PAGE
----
Anakpawis partylist Rep. Fernando Hicap said the IFFM report will help him and other progressive lawmakers in the House of Representatives as they push for a congressional investigation on the effects of destructive projects in agicultural areas. Hicap said he had filed a resolution in January this year but it is still at the Committee on Rules and is yet to be delegated to an investigating committee.

Hicap mentioned that in the Nov. 19 congressional hearing for the Genuine Agrarian Reform Bill (Garb) or House Bill 252, the AFP representative from the Judge Advocate General Office said that there are 187 military reservations covering 179,000 has., but there are no more lands to be distributed to farmers.

Ocampo said that congress investigated a similar case during his time as Bayan Muna representative, in Capiz, where indigenous peoples tried to reclaim their ancestral lands covered by a military reservation. He said the military refused to turn over thousands of hectares of the reservation even though only a small part of it was being used for artillery practice.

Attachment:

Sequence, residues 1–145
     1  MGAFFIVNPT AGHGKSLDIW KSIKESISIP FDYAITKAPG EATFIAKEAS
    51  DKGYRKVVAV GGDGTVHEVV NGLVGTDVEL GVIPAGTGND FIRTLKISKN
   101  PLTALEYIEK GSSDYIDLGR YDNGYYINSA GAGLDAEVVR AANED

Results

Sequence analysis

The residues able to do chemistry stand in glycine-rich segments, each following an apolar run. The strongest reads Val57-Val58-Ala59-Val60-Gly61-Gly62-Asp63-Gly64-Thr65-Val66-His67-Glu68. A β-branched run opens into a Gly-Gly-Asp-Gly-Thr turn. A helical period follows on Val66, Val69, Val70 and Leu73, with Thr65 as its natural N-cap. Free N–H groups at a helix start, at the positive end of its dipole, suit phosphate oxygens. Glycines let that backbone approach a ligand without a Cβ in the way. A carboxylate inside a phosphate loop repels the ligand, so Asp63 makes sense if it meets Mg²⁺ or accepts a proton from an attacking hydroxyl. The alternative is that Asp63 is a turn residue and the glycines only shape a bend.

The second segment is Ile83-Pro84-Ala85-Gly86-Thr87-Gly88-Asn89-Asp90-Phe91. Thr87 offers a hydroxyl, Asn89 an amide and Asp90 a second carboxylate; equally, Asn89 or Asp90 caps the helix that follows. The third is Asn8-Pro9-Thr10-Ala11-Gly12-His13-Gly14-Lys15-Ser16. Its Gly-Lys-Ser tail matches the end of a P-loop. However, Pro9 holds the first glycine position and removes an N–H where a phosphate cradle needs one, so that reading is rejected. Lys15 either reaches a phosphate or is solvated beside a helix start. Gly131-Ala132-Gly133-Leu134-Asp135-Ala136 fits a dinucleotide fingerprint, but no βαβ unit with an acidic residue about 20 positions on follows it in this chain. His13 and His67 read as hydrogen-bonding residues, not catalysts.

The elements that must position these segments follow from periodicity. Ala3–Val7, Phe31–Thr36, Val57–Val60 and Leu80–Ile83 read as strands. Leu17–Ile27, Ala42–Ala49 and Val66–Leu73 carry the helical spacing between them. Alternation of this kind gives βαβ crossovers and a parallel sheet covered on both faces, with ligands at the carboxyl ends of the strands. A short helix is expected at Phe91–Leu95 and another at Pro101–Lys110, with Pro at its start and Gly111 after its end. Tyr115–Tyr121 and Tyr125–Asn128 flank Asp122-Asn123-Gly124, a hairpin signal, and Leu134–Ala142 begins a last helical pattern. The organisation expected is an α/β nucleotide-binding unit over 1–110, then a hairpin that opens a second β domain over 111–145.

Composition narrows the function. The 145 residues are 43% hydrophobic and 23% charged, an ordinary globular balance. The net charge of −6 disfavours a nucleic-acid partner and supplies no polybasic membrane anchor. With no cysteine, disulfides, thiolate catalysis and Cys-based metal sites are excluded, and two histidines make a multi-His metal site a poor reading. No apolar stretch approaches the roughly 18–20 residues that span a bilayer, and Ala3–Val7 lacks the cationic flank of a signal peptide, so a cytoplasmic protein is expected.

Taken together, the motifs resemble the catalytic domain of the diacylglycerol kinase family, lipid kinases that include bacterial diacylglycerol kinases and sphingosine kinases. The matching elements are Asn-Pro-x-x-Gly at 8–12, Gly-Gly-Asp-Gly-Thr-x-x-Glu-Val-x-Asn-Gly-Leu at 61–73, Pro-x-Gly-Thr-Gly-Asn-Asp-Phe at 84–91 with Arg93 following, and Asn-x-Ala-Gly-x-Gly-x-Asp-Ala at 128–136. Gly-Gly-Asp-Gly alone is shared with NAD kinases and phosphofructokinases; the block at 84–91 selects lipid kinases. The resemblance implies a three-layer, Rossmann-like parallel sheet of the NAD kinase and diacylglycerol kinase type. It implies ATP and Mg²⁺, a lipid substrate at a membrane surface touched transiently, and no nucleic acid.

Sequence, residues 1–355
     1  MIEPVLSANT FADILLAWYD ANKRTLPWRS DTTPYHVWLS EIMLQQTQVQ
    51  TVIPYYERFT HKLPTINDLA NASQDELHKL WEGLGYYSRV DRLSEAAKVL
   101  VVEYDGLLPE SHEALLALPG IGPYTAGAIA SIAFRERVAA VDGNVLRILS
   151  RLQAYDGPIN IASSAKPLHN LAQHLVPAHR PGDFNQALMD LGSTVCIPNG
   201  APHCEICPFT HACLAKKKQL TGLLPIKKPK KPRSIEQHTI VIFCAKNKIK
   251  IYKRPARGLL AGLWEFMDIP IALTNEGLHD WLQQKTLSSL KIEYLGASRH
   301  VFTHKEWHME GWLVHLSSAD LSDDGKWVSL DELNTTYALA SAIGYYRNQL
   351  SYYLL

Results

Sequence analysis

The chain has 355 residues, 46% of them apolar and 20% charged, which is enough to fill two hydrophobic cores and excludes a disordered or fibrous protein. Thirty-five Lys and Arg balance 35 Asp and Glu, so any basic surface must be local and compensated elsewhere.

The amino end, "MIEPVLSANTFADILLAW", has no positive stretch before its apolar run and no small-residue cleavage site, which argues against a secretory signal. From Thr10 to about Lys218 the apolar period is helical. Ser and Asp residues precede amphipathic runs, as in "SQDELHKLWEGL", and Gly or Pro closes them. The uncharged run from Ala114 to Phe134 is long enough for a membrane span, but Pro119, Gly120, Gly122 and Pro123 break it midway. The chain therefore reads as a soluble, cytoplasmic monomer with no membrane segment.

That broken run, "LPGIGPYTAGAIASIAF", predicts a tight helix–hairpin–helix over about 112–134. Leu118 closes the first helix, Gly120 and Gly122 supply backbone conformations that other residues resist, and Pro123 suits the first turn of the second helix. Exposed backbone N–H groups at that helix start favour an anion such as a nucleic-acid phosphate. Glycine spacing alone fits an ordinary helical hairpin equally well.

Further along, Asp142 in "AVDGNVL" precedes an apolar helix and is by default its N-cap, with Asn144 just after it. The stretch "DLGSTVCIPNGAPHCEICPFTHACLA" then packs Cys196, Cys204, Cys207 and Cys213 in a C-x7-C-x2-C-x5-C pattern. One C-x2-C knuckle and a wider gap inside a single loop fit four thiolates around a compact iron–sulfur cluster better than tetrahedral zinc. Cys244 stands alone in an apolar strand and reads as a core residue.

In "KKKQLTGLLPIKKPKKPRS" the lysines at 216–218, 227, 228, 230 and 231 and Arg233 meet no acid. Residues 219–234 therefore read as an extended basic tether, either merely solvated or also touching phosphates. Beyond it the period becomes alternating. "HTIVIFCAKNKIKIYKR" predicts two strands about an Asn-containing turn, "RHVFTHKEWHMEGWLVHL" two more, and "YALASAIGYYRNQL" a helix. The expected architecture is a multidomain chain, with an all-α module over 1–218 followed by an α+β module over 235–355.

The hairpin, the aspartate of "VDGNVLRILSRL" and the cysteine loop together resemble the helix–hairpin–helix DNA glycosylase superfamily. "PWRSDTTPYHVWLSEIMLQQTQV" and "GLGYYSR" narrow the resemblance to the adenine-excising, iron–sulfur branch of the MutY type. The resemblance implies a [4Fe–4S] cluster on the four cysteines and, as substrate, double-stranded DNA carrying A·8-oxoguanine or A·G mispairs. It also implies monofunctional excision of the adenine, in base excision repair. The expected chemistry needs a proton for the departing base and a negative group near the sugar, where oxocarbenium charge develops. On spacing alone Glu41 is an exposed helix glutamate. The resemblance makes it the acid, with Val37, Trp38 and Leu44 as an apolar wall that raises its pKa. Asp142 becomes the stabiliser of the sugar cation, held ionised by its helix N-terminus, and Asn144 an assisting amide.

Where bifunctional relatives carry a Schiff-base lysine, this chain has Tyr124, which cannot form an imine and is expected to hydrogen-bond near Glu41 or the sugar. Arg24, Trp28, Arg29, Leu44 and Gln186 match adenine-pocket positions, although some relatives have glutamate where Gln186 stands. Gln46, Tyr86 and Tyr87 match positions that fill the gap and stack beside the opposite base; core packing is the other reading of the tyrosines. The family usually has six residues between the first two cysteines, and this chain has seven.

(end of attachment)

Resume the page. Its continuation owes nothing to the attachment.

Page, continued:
“When the national government doesn’t take a decisive position, the people have to carry on the struggle,” he said.

Delegates came from APC member organizations: the KMP, the Agricultural Workers’ Union (APVVU) of India, Bangladesh Landless Association, Agricultural Farm Labour Federation of Bangladesh, and the Alliance of Agrarian Reform of Indonesia.

The IFFM interviewed farmers and indigenous peoples in five villages, namely Sta. Juliana, Arunguren, and Patling in Capas, and Anupul and San Vicente in Bamban, which are affected by the Clark Green City, and also made interviews in Hacienda Dolores village which is affected by the Alviera project.

See more at